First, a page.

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Houses on West Washington Street

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1850s–1920s. 400–900 blocks of W. Washington St.
  • (Arkansas Historic Preservation Program, A Division of the Department of Arkansas Heritage, Ralph Wilcox, photographer)

West Washington Street has been a preferred and fashionable address for generations of Camden’s prominent and affluent residents, and their houses display a fascinating array of architectural styles. At 404 W. Washington, the two-story house for Sidney A. and Edna Umsted was designed in 1923 by Witt, Seibert and Halsey, with Eugene C. Seibert as the project architect. Umsted had become wealthy overnight, after he struck oil in nearby Smackover. The eclectic beige brick house, with limestone trim, is fronted by a single-story porch that extends on one side to form a porte-cochere. Above the central entrance is a Palladian window set within a Mission-styled gable that rises above the green tile hipped roof, which is dotted with four tall chimneys with elaborate stone tops. Unfortunately, Umsted had little time to enjoy his house, and wealth, for he died in an accident in 1925.

Major Joseph M. and Mary Graham commissioned the two-story frame house of 1858 at 710 W. Washington. The house is notable for its picturesque full-width porch that features a triple arch marking the central entrance with lyre-shaped stickwork ornament on each side. On the same block at number 761 is the wooden two-story Greek Revival house built for Judge James Elliot in 1857. A two-story porch has a delicate latticework railing on its upper level.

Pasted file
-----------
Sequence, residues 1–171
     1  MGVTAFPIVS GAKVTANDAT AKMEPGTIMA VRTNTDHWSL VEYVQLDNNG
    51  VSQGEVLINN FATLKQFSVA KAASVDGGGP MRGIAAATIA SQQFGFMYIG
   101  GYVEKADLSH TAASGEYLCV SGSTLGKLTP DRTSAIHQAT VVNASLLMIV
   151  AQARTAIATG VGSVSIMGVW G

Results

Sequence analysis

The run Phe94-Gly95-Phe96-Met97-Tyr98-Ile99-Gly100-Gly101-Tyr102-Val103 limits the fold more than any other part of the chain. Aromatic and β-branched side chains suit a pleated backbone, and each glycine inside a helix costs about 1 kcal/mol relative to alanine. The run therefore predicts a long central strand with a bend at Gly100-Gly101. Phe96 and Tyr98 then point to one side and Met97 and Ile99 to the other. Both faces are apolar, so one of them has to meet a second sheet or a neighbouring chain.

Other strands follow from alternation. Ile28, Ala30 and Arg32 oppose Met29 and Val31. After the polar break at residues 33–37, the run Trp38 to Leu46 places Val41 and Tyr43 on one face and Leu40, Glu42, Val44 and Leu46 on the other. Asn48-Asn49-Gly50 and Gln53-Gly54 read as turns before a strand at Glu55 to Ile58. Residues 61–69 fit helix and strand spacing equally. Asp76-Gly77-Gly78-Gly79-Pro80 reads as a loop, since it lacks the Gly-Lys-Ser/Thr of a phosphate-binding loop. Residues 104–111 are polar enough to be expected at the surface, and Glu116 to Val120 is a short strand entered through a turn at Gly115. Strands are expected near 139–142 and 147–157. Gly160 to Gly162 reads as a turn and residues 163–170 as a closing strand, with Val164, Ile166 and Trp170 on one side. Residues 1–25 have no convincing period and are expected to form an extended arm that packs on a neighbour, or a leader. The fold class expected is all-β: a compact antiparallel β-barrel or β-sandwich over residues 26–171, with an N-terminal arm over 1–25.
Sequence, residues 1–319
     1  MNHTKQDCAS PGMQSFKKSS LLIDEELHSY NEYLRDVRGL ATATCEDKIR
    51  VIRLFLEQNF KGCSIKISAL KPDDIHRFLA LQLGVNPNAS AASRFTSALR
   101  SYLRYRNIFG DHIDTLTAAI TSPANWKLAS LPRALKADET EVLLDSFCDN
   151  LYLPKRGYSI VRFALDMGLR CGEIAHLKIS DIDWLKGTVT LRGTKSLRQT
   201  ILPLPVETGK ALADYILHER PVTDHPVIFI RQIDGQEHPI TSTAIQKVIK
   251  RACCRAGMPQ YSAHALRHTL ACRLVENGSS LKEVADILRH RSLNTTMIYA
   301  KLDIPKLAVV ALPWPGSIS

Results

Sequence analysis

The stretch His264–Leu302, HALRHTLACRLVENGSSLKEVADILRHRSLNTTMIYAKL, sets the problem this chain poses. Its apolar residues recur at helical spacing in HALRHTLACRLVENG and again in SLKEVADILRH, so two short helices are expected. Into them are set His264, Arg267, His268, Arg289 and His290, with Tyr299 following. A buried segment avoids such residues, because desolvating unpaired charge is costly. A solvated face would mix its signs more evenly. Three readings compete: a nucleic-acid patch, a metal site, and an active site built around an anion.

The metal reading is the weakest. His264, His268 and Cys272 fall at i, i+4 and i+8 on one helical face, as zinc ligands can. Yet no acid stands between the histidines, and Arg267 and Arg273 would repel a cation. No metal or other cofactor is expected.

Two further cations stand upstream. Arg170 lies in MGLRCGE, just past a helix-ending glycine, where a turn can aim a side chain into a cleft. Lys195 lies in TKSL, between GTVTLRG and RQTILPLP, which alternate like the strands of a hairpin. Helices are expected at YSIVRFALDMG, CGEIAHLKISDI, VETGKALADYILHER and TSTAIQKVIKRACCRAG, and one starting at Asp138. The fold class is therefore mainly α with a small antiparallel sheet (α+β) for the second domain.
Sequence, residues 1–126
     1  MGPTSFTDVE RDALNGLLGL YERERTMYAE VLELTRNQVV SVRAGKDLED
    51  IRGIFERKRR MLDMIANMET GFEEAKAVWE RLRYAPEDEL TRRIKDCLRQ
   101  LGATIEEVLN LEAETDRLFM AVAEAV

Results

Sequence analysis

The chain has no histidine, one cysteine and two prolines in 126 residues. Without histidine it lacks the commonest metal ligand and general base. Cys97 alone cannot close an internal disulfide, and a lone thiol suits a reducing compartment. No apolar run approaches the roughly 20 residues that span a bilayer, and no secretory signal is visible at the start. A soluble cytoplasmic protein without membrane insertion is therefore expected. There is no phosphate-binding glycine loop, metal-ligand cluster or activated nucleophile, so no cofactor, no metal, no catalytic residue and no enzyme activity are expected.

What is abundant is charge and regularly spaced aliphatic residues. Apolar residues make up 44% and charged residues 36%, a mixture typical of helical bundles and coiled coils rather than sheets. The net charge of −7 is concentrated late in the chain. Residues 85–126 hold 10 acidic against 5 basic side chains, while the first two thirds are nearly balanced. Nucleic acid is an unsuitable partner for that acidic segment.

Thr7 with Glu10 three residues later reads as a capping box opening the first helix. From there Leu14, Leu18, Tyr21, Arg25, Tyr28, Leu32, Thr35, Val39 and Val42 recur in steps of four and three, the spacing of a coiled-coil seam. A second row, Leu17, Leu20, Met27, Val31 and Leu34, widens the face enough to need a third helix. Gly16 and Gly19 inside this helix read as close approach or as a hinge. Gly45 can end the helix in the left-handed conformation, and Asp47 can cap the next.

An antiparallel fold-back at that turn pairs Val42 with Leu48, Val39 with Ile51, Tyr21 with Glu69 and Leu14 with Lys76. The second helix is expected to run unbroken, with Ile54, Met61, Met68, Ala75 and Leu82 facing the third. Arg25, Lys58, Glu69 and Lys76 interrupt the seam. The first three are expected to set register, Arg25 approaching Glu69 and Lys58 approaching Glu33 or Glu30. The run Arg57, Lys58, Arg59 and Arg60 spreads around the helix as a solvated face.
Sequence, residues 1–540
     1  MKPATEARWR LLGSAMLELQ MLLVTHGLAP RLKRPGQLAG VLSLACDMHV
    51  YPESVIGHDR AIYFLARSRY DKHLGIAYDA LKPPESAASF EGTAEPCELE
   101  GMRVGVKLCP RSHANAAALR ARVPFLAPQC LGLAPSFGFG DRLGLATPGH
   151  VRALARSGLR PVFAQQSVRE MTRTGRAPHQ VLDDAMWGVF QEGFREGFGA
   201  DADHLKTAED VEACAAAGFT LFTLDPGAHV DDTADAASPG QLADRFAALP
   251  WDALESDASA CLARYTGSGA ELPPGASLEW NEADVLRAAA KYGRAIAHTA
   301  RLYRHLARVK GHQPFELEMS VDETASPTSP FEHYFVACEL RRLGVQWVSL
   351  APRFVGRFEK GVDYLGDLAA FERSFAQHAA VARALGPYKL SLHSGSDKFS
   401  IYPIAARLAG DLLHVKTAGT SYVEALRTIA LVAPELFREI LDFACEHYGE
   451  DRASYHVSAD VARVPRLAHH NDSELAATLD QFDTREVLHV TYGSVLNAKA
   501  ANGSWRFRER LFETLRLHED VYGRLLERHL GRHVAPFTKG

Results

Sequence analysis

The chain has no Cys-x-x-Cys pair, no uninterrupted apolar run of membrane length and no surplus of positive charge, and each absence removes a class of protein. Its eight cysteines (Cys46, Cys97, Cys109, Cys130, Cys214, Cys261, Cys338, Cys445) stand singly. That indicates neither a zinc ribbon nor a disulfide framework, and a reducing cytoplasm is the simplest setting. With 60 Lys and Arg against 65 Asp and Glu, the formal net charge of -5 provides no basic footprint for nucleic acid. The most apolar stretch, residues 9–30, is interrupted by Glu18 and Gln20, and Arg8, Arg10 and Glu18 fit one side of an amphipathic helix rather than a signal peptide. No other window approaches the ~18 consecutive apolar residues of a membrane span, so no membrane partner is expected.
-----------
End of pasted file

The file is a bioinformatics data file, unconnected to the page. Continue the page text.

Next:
The house at 926 W. Washington was built for North Carolinian Peter McCollum in 1847 on his land grant and sold in 1858 to stagecoach owner and mail contractor John T. Chidester. One story in height with a full-width veranda on wooden piers, the house has exterior end chimneys and lower recessed wings. The Ouachita County Historical Society maintains the house as a museum. To the rear of the house is a small wooden structure with a pedimented front porch that was relocated here from downtown in 1963. Constructed c. 1850 as a law office for William W. Leake, it became the office serving a five-county area for the Freedmen’s Bureau after the Civil War, and from 1906 to the 1950s it was Camden’s public library.

Writing Credits

Cyrus A. Sutherland with Gregory Herman, Claudia Shannon, Jean Sizemore Jeannie M. Whayne and Contributors


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Cyrus A. Sutherland with Gregory Herman, Claudia Shannon, Jean Sizemore Jeannie M. Whayne and Contributors, "Houses on West Washington Street", [Camden, Arkansas], SAH Archipedia, eds. Gabrielle Esperdy and Karen Kingsley, Charlottesville: UVaP, 2012—,

Print Source

Cover: Buildings of Arkansas

Buildings of Arkansas, Cyrus A. Sutherland and contributors. Charlottesville: University of Virginia Press, 2018, 200-200.

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